On January 5, 1996, Signet delivered to Hitachi a document that was represented as an Incumbency Certificate executed by Philip Morris. After receiving the certificate, Riordan sent the executed December Assignment Agreement to Signet on January 11, 1996. On January 31, 1996, Nelco executed a second Promissory Note (the “January Note”) in favor of Signet in the original principal amount of $12,272,655.26 and a second Security Agreement (the “January Security Agreement”) to secure repayment of the January Note. Hitachi entered into a second Assignment Agreement with Signet on January 31, 1996 (the “January Assignment Agreement”) for a purchase price of $12,325,461.95. The terms of the January Assignment Agreement were identical to the terms of the December Assignment Agreement.
On March 19, 1996, Signet informed Hitachi that Reiners was not an employee or officer of Philip Morris and was not authorized to act on Philip Morris's behalf, that the signature on the Incumbency Certificate was a forgery, and that Philip Morris denied that it was a party to the Master Lease or other lease agreements described in the documents between Nelco, Signet, and Hitachi. On March 26, 1996, Hitachi notified Signet that Signet had failed to comply with the terms of the Repurchase Agreement, because it had failed to provide an Incumbency Certificate from Philip Morris. Pursuant to the terms of the Repurchase Agreement, Hitachi demanded that Signet repurchase Hitachi's interest in the December Note, the December Security Agreement, and the Collateral described in the December Security Agreement. By letter dated March 29, 1996, Signet informed Hitachi that Signet would not repurchase Hitachi's interest in the subject loans and loan documents.
On May 24, 1996, Hitachi brought this diversity action in United States District Court for the Eastern District of Virginia against Signet Bank alleging, inter alia, actual and constructive fraud, breach of the Repurchase Agreement, and breach of § 2(e) of the Assignment Agreements.3 Concurrent with its action against Signet, Hitachi participated in collateral litigation resulting from the fraud perpetuated by Reiners. Between March 1996 and June 1997, Hitachi and its attorneys participated in a bankruptcy proceeding involving Nelco, with the purpose of pursuing possible recovery of the amounts due on the Hitachi loans. Between September 1996 and February 1997, Hitachi, Signet, and the other Project Star lenders negotiated a series of agreements with the U.S. government relating to the allocation among the lenders of funds seized by the government following the discovery of the fraud.4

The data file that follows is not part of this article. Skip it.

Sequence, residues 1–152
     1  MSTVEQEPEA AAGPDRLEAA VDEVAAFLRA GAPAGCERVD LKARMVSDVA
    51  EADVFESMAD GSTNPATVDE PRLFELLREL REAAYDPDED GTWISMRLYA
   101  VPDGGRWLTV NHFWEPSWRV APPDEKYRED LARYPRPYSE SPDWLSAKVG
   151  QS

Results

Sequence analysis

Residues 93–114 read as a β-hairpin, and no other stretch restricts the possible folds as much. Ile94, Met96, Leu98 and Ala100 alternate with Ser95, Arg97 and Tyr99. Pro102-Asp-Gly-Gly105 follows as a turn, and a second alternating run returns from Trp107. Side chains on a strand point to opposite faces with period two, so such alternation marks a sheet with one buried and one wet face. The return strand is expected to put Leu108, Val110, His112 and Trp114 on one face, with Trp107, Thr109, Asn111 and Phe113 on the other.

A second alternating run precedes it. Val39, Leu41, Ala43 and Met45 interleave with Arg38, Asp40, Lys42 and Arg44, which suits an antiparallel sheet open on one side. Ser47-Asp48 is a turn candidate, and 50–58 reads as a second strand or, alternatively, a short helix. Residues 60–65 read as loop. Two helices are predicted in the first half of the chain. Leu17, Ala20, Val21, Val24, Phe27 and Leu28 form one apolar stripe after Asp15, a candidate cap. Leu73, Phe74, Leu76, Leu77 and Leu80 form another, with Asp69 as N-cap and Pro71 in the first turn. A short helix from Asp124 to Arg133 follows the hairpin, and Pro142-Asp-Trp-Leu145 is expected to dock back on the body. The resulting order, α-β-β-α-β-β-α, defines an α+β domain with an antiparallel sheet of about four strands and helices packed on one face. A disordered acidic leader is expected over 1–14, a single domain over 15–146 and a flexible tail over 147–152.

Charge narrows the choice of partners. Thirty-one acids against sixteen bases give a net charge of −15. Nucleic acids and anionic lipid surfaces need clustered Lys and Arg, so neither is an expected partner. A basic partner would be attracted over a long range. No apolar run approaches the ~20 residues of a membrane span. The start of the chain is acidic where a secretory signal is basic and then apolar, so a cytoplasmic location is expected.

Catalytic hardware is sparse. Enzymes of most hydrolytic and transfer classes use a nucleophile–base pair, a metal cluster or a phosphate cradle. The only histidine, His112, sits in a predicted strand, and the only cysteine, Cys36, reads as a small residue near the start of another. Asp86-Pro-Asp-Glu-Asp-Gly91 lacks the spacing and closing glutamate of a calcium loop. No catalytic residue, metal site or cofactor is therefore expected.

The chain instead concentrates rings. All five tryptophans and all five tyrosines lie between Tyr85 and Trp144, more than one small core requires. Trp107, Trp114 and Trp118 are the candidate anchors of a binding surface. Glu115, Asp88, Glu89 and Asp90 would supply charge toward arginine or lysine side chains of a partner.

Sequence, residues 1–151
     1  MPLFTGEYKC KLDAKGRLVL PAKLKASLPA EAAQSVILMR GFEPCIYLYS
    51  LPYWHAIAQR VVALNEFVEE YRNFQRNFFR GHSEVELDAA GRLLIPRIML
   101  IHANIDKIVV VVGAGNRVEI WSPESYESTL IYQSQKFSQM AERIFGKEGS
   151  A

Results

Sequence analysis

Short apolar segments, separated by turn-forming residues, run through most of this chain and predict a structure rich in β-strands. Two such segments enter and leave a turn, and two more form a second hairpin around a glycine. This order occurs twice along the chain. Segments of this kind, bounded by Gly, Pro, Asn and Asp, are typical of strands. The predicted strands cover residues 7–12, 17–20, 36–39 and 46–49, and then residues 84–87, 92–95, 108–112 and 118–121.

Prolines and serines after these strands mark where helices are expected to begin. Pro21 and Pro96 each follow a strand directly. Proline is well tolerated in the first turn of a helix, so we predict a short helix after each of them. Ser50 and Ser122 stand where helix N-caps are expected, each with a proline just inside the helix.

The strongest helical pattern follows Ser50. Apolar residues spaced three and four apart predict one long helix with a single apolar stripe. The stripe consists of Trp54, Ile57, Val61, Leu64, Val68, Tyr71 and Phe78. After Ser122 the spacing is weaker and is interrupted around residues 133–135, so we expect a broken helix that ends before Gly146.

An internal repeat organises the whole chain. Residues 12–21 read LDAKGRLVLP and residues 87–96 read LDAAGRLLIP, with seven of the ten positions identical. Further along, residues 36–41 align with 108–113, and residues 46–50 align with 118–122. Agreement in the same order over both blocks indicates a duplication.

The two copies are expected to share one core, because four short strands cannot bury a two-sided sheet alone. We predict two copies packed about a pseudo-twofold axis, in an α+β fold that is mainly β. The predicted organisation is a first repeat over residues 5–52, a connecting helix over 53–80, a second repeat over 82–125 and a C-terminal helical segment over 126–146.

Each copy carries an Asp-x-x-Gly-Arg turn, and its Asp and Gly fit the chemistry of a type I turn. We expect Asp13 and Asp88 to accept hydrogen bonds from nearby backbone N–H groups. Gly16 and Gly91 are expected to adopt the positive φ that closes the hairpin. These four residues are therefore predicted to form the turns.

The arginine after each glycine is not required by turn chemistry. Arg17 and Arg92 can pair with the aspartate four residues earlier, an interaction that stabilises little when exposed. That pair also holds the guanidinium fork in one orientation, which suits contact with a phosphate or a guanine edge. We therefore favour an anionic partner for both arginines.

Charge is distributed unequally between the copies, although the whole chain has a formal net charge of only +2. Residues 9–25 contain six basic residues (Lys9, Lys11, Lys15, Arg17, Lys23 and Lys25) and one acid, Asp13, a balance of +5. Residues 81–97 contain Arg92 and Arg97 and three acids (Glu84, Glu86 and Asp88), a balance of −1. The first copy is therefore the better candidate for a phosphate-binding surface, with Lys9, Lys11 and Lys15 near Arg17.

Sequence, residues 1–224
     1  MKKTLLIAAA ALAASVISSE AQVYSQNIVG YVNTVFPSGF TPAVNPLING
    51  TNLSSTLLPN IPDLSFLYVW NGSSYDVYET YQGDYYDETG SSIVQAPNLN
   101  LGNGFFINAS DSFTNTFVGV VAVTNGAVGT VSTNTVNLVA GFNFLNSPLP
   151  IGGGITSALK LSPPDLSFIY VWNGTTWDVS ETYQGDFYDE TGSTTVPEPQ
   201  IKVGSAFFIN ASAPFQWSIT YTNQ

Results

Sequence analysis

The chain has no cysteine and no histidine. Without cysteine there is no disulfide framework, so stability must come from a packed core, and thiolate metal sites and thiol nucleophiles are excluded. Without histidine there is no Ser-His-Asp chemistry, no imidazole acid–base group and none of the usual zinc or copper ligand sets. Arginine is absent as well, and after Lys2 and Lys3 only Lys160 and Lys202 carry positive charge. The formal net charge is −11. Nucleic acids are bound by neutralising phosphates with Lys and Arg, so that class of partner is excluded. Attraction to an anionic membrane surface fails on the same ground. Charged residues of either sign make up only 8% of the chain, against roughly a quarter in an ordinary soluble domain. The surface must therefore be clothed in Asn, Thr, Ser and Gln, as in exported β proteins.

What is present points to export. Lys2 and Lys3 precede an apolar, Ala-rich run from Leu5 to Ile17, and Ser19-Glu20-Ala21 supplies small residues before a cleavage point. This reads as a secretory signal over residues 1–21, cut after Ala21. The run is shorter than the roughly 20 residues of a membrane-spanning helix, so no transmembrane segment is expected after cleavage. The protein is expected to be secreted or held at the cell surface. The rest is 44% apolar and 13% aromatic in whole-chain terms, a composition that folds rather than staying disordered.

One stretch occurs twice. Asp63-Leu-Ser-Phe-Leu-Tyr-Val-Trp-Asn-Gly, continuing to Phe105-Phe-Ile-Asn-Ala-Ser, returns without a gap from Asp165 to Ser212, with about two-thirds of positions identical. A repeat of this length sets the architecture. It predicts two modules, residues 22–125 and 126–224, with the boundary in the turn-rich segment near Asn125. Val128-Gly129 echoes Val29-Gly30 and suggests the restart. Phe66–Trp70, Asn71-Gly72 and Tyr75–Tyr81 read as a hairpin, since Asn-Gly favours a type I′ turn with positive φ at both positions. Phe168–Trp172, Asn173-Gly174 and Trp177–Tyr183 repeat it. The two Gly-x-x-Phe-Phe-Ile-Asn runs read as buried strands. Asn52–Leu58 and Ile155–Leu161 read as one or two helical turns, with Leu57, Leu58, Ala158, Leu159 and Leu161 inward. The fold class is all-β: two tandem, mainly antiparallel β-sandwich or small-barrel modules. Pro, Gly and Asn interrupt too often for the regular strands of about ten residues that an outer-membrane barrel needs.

The district court dismissed various counts of Hitachi's Complainant and Amended Complaint against Signet in its decisions of December 3, 1996 and May 12, 1997. On cross motions for summary judgment on the two remaining claims, breach of the Repurchase Agreement and breach of § 2(e) of the Assignment Agreements, the district court granted Hitachi's motion for summary judgment on July 21, 1997. In the July 21 Order, the district court directed Hitachi to file a brief on the subject of damages. On November 14, 1997, the district court issued a final order awarding Hitachi attorneys' fees and costs for its litigation, but denying recovery of these fees and costs related to the criminal forfeiture proceeding and the Nelco bankruptcy. The district court also awarded Hitachi prejudgment interest on the balance of the loans at the rates set in the Assignment Agreements and postjudgment interest on the balance of the loans at the statutory rate of nine percent. Signet appeals the district court's granting of Hitachi's motion for summary judgment. Hitachi cross-appeals the district court's dismissal of Hitachi's fraud claims, its partial denial of costs and fees, and its calculation of the appropriate pre and postjudgment interest.
We turn first to Signet's appeal from the district court's grant of summary judgment in Hitachi's favor on Hitachi's breach of contract claims. This Court reviews a grant of summary judgment de novo. See Higgins v. E.I. DuPont de Nemours & Co., 863 F.2d 1162, 1167 (4th Cir.1988). Summary judgment is appropriate only if there are no material facts in dispute and the moving party is entitled to judgment as a matter of law. See Celotex Corp. v. Catrett, 477 U.S. 317, 322, 106 S.Ct. 2548, 91 L.Ed.2d 265 (1986) (citing Fed.R.Civ.P. 56(c)). As a federal court sitting in diversity, we must apply the choice of law rules of the forum state-in this case, Virginia. See Klaxon Co. v. Stentor Elec. Mfg. Co., 313 U.S. 487, 496-97, 61 S.Ct. 1020, 85 L.Ed. 1477 (1941). Virginia law looks favorably upon choice of law clauses in a contract, giving them full effect except in unusual circumstances. See Tate v. Hain, 181 Va. 402, 25 S.E.2d 321, 324 (Va.1943). Section 9(c) of the Assignment Agreements explicitly calls for the application of Virginia law in the interpretation of “[t]his Agreement and the rights and obligations of the parties hereunder ․ including all matters of construction, validity and performance.” (J.A. at 91.) We therefore apply Virginia law in our review of Hitachi's breach of contract claims.